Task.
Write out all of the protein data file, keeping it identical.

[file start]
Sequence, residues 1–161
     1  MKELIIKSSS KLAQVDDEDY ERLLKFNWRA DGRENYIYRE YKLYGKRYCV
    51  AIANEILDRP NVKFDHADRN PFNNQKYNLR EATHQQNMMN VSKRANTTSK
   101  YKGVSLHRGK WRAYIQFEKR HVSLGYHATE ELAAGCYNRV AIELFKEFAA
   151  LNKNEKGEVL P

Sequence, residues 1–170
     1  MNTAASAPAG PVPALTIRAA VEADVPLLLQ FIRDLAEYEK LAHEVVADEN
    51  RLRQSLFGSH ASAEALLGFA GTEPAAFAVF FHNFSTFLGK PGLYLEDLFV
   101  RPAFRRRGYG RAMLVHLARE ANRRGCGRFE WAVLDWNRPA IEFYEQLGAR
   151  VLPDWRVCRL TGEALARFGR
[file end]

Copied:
Sequence, residues 1–161
     1  MKELIIKSSS KLAQVDDEDY ERLLKFNWRA DGRENYIYRE YKLYGKRYCV
    51  AIANEILDRP NVKFDHADRN PFNNQKYNLR EATHQQNMMN VSKRANTTSK
   101  YKGVSLHRGK WRAYIQFEKR HVSLGYHATE ELAAGCYNRV AIELFKEFAA
   151  LNKNEKGEVL P

Sequence, residues 1–170
     1  MNTAASAPAG PVPALTIRAA VEADVPLLLQ FIRDLAEYEK LAHEVVADEN
    51  RLRQSLFGSH ASAEALLGFA GTEPAAFAVF FHNFSTFLGK PGLYLEDLFV
   101  RPAFRRRGYG RAMLVHLARE ANRRGCGRFE WAVLDWNRPA IEFYEQLGAR
   151  VLPDWRVCRL TGEALARFGR